Hypothyroidism

Hypothyroidism is a most commonly diagnosed canine endocrine disease. Half of the cases are associated with autoimmune thyroiditis. Primary hypothyroidism is characterized by a progressive destruction of the thyroid gland. The gland astrophies and contains many lymphocytes. A rare form of congenital primary hypothyroidism is seen in Scottish Deerhounds. Secondary hypothyroidism follows congenital or acquired abnormalities in the pituitary gland. Female dogs are more frequently affected than male dogs.6 Drugs used in veterinary medicine that are most likely to alter circulating thyroid hormone concentrations include the glucocorticoids, anticonvulsants, quinidines, salicylates, phenylbutazone, and radiocontrast agents.3 Myxedema coma is a rare, but life-threatening end result of chronic, severe hypothyroidism in dogs. Multiple organ systems are involved, including heart, lungs, skin, and CNS. Early recognition of the syndrome may improve survival chances, although the mortality rate is nearly 50 percent.4

The thyroid glands are located in the neck on either side of the trachea (windpipe). These glands require sufficient quantities of iodine for normal production of the thyroid hormone. The thyroid hormone effects the metabolism of all tissues, particularly the metabolic rate. It is required for normal growth and development. Hypothyroidism causes a reduced metabolic rate. Thyroid hormone (TH) is regulated through the hypothalamic-pituitary-thyroid system. During normal process, thyroid-releasing hormone (TRH) stimulates thyroid-stimulating hormone (TSH) release from the pituitary gland, which in turn stimulates production and release of T4 hormone from the thyroid gland. Active T4 subsequently inhibits further TRH and TSH release.5

Skin manifestations of hypothyroidism

Common signs include lethargy, increased appetite, weight gain, infertility, sensitivity to cold, a brittle, dry, dull coat, loss of hair, especially over the neck, back, and tail areas, and in some cases an oily skin, excessive wax in the ears, and chronic skin infections. Any dog with chronic skin infections should be tested for hypothyroidism. As the disease advances, the skin darkens in color, thickens, and feels cool to the touch. The dog becomes more dull and irritable, and heart problems may develop. Only about 50% of hypothyroid dogs show the skin and hair changes. Older male dogs may develop cognitive disturbances characterized by aggression and seem to bite out of the blue.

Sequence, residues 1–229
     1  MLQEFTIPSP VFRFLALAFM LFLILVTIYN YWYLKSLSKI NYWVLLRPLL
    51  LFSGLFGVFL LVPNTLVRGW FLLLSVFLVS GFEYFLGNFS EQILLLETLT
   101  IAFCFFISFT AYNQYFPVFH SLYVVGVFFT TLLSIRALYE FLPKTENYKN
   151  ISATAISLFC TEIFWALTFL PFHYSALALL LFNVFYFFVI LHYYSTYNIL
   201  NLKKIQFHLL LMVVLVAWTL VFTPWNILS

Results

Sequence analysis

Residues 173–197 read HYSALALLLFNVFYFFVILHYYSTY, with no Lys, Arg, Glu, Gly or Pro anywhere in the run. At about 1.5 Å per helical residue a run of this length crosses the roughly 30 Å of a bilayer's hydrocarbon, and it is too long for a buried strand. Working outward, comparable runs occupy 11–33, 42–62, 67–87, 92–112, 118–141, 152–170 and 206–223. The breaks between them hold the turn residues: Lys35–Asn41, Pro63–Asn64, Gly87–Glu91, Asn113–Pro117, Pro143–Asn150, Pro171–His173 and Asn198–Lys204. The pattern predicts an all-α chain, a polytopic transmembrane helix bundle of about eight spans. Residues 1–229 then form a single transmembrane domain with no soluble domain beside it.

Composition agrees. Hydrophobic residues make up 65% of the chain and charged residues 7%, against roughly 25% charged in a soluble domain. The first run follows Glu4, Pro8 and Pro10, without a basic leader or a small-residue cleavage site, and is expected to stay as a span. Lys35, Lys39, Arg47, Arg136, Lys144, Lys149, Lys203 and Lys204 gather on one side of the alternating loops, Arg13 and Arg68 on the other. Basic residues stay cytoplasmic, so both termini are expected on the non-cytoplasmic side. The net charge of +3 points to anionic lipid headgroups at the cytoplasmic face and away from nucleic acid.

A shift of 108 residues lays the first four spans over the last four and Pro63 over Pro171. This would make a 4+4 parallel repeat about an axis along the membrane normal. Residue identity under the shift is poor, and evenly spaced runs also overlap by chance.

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Clinical disturbances associated with hypothyroidism vary among affected animals and not every sign is seen in each animal patient. Many clinical signs associated with hypothyroidism are due to a reduction in metabolic rate. A gain in body weight without an associated change in appetite occurs frequently. The weight gain may vary from slight to striking obesity. The animal usually is less active and the owner may observe a reluctance to play or take walks. The inactivity also contributes to the weight gain. Dogs with hypothyroidism may have difficulty in maintaining normal body temperature and are often heat seekers. They will lie on or near sources of heat, such as registers, radiators, and electric blankets, and be reluctant to venture outdoors in cold weather. Excessive shivering may be observed and the skin frequently feels cool.

In case of congenital hypothyroidism of Toy Fox Terriers, there is delayed ear and eye opening, enlarged thyroid gland, stunted growth, and mental dullness. Treatment involves the use of replacement thyroid hormone drugs, usually for life. Establishing the dosage requires veterinary supervision and periodic monitoring of the affected dog is absolutely necessary. If the diagnosis is correct, the prognosis is good. Many dogs have increased activiity in 10 days. Hair regrows in 4-6 months and other signs improve in 2 months.

hypothyroidism - deficiency of thyroid gland activity, with underproduction of thyroxine, or the condition resulting from it. Common in adult dogs, particularly certain breeds, as a result of atrophy of the thyroid or a lymphocytic thyroiditis.

References

  1. Charles C. Capen. Thyroid Disorders in Animals
  2. Dr. Sandy Merchant. Hypothyroiidiism
  3. Jim E. Riviere, Mark G. Papich. Veterinary Pharmacology and Therapeutics
  4. Wayne E. Wingfield, Marc R. Raffe. The Veterinary Icu Book
  5. Shelly L. Vaden, Joyce S. Knoll, Francis W. K. Smith, Jr., Larry P. Tilley. Blackwell's Five-Minute Veterinary Consult
  6. Steven R. Lindsay. Handbook of Applied Dog Behavior and Training: Procedures and protocols

 

 


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